Serena Williams The Problem Solver: Improbably Underrated
Some people will very reasonably and logically ask: “How can a 23-time major champion have a significantly underrated component of her game? How is that even possible?”
Those questions come from a very honest place. Does Serena Williams own significantly underrated components of her game? Surely with a player who has inspired so many columns of praise and so many on-camera words of admiration over two decades of tennis brilliance, everything has been said…
Yes, everything has been said about Serena Williams, but has everything been said in full measure, and to the same degree? This is where – and why – I arrive at the conclusion that some dimensions of this tennis icon are still underrated.
Do tennis analysts and commentators give Serena Williams credit as a problem solver and tennis thinker, not just as a server, ball-striker, determined competitor, and supreme crunch-time performer? Yes, they do…....but they haven’t done so in equal measure.
If you were to lose yourself in a Serena Williams media rabbit hole – and go through press clippings and column archives from the past 20 years – see how often Serena’s game is described in specific ways.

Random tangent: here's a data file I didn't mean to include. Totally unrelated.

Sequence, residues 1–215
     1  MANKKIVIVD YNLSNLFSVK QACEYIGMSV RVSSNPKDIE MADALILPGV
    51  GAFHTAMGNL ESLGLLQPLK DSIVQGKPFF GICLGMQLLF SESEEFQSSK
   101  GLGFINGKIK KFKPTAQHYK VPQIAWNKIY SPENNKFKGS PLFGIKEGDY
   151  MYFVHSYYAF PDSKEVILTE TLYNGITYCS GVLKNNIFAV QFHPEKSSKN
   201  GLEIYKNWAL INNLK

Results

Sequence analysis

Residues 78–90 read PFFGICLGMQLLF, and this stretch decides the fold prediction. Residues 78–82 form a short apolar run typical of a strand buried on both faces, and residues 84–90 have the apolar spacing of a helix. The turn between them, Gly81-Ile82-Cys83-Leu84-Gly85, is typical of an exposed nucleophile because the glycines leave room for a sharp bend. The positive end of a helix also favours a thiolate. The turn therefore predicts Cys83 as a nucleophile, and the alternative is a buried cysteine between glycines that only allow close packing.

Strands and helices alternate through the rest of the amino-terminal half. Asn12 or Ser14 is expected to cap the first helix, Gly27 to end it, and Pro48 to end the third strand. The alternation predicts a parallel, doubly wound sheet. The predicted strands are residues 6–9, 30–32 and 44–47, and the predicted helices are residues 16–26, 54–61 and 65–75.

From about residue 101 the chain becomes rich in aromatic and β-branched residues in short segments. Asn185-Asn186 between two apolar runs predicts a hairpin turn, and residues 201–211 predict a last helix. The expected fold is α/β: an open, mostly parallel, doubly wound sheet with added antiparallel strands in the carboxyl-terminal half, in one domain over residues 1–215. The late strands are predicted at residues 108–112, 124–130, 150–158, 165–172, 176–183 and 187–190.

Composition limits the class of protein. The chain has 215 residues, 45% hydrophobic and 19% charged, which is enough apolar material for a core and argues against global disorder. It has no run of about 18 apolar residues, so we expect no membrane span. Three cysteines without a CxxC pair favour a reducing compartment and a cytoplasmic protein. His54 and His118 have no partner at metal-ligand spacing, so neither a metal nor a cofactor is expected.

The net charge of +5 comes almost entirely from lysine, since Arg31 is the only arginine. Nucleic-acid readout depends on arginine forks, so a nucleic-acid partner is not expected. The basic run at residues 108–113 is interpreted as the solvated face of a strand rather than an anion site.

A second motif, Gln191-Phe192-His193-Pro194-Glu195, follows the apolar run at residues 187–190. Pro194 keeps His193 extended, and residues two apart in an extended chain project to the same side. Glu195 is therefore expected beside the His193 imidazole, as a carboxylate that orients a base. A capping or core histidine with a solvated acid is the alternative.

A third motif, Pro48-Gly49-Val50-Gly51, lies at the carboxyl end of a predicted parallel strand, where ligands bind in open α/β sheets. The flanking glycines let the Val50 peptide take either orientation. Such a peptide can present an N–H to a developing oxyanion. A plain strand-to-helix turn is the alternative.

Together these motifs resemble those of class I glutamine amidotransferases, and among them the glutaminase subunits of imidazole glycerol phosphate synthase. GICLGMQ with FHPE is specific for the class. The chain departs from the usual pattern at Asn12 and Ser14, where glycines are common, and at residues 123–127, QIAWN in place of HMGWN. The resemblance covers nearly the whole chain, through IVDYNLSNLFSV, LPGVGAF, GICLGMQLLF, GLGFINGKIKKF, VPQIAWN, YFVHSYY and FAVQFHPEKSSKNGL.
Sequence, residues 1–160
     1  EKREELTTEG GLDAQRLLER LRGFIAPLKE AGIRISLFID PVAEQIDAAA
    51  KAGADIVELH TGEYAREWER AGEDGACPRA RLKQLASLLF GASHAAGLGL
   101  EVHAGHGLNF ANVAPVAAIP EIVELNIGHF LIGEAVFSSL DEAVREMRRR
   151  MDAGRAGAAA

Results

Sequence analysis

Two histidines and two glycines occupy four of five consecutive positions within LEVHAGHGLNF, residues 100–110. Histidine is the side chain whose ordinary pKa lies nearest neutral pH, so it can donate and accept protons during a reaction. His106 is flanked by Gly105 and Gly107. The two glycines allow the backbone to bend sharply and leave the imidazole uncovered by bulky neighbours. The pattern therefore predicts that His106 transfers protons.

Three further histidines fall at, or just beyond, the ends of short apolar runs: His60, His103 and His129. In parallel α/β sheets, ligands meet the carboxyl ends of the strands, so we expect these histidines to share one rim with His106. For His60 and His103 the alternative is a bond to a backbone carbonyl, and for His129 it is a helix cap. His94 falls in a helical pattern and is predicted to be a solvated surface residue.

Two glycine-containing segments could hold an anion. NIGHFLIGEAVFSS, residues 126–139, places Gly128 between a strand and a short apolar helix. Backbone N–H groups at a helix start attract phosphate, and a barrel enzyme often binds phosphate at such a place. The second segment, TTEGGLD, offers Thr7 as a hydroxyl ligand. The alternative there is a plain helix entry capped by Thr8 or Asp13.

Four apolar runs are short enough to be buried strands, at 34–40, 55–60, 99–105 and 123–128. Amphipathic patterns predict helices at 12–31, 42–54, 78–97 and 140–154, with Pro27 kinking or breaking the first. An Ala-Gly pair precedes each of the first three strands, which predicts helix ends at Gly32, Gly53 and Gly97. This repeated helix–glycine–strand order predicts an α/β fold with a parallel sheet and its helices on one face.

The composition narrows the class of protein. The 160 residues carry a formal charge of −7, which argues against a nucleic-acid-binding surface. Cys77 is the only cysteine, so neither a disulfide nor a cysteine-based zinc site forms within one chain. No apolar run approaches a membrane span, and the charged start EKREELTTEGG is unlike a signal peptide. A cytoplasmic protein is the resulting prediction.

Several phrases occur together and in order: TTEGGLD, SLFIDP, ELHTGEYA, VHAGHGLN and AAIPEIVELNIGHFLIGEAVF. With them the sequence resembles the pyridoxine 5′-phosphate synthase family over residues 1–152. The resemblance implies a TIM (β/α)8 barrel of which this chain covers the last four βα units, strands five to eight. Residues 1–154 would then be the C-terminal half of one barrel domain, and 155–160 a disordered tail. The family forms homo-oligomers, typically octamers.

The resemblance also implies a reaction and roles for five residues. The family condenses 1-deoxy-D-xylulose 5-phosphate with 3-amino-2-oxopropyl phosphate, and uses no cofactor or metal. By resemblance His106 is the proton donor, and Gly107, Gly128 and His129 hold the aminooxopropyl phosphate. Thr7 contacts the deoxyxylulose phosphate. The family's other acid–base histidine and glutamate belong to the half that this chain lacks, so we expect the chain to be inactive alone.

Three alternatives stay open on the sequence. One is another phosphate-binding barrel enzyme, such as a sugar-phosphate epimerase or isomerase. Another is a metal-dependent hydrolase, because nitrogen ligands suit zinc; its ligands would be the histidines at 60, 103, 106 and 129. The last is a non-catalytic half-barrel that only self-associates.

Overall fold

Consider the word “tough” or other adjectives close to it.
Consider the word “fierce” or other adjectives in the same ballpark.
Look for the word “determined” and other words which speak to the hunger with which Serena competes.
In the last several years of her career, notice how often match reports examine her footwork and movement as keys to her success.
Let’s be clear: All those adjectives, and all that time spent on her footwork and movement, were, and are, appropriate. It’s not as though every hymn of praise you have ever heard about Serena is somehow false.
Nope – it’s all true, and I’m not debating whether any of these plaudits are true.
The point is that her problem-solving abilities simply aren’t given as much ink or air time.
This is the part of her game which, by comparison to all her other shining attributes, doesn’t receive the same level of attention, and therefore doesn’t sink into the public consciousness.
Yes, of course it’s true that Serena doesn’t give up, doesn’t let go, doesn’t enable opponents to avoid answering tough questions.
Yes, of course it’s true that Serena has the best serve in the history of women’s tennis and can knock the stuffing out of a ball. We’re not debating how great Serena is in those areas.
It’s just that you don’t hear or read the same copious quantities of articles on how clever and deft Serena is. You don’t get as many columns on how calm and patient Serena is. Her roars and her intensity often mask her problem-solving capacities.
When I speak of Serena’s calm, it’s not an outer calm, precisely because of the vocal and emotionally invested way she often plays. It’s an inner calm manifested in her ability to accept bad patches of play – they happen for her in her advanced tennis age – and move past them.